Rock Through the Ages: Led Zeppelin 1968-1980

"And it's whispered that soon if we all call a tune, then the Piper will lead us to reason. And a new day will dawn for those who stand long, and the forests will echo with laughter. Does anybody remember laughter?” Led Zeppelin

Led Zeppelin has a whole lotta loveLed Zeppelin combined the visceral power and intensity of hard rock with the finesse and delicacy of British folk music. In so doing, they helped redefine the direction that rock music took in the Seventies. Since their breakup in 1980, Led Zeppelin seems in retrospect to have been the most significant rock group of the post-Beatles era. Their impact extends to classic and alternative rockers alike. Led Zeppelin were an English rock band formed in 1968 by guitarist Jimmy Page, vocalist, Robert Plant, bass guitarist John Paul Jones and drummer John Bonham. With their heavy, guitar-driven sound, Led Zeppelin are regarded as one of the first heavy metal bands. Almost 30 years after disbanding following Bonham's death in 1980, the band continues to be held in high regard for their artistic achievements, commercial success and broad influence. The band have sold more than 300 million albums worldwide, and are ranked number one on VH1's 100 Greatest Artists of Hard Rock. Rolling Stone magazine has described Led Zeppelin as "the heaviest band of all time" and "the biggest band of the '70s".

The group Led Zeppelin formed in 1968 from the ashes of the Yardbirds, for which guitarist Jimmy Page had served as lead guitarist after Eric Clapton and Jeff Beck. Following the departure of Beck from the group in October 1966, The Yardbirds, tired from constant touring and recording, were beginning to wind down. Page wanted to form a supergroup with himself and Beck on guitars, The Who's rhythm section drummer Keith Moon and bassist John Entwistle. Vocalists Donovan, Steve Winwood and Steve Marriott were also considered for the project. The group never formed, although Page, Beck and Moon did record a song together in 1966.After Page’s attempt at forming a supergroup failed, Page filled the band with vocalist Robert Plant, drummer John Bonham and long-time friend and fellow London recording session player John Paul Jones. After some concerts with this new line-up billed variously as the New Yardbirds, or sometimes simply The Yardbirds, the band’s name was changed to Led Zeppelin, their name having been suggested as a joke by Who drummer Keith Moon. He was quoted saying that the band would go down faster than a “lead zeppelin”. The group adopted the name, deliberately misspelling the first part to prevent fans from pronouncing it as “leed.”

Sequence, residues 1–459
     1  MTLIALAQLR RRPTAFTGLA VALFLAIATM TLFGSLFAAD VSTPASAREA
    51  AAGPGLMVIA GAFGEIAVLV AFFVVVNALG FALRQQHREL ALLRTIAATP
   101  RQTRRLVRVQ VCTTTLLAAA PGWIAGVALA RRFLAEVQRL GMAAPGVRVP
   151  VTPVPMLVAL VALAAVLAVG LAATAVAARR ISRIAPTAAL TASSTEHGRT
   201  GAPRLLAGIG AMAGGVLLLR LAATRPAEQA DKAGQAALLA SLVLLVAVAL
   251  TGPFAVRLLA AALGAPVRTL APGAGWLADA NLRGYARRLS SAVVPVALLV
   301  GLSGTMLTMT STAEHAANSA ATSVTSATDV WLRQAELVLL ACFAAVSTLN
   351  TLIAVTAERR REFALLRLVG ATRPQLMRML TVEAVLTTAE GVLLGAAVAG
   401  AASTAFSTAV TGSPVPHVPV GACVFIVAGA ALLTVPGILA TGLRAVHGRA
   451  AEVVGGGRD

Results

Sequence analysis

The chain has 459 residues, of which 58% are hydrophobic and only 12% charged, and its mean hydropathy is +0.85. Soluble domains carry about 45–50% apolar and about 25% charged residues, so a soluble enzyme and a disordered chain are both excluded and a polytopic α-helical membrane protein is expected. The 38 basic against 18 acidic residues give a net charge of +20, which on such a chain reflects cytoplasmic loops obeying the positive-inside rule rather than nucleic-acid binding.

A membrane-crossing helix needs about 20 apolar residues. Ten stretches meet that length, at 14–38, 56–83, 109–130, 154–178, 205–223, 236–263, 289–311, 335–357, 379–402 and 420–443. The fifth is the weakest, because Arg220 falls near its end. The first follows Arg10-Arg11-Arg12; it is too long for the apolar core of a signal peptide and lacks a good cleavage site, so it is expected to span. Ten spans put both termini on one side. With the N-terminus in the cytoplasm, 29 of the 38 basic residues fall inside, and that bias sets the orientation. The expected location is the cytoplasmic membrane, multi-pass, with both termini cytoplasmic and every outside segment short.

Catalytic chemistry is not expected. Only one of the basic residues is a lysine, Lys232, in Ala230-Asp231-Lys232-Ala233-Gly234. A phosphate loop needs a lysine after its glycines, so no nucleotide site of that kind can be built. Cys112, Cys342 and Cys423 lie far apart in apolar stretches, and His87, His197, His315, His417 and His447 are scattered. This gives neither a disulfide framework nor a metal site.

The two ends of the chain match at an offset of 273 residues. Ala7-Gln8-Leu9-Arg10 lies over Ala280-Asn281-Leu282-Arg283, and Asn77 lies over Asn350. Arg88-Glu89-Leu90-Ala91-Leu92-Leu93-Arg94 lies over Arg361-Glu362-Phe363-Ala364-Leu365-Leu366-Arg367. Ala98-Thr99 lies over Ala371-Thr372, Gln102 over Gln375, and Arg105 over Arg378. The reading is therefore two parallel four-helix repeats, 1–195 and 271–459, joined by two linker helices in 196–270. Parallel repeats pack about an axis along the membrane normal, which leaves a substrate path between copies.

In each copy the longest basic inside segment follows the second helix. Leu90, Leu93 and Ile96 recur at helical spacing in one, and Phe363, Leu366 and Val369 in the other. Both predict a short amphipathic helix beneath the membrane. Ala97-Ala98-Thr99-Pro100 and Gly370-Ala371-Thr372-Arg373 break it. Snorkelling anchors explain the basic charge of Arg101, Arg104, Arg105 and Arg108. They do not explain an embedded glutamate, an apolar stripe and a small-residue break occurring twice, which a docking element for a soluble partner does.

Led Zepelin on a stairway to heavenPage described Led Zeppelin in a press release for their first album with these words: “I can’t put a tag to our music. Every one of us has been influenced by the blues, but it’s one’s interpretation of it and how you utilize it. I wish someone would invent an expression, but the closest I can get is contemporary blues.” Integrating Delta blues and U.K. folk influences with a modern rock approach, Led Zeppelin’s symbiosis gave rise to hard rock, which flourished in the Seventies under their expert tutelage. Such classics as “Whole Lotta Love” were built around Page’s heavyweight guitar riffs, Plant’s raw, half-screamed vocals, and the rhythm section’s deep, walloping assaults – all hallmarks of a new approach to rock that combined heaviness and delicacy. In Jimmy Page’s words, the band aimed for “a kind of construction in light and shade.”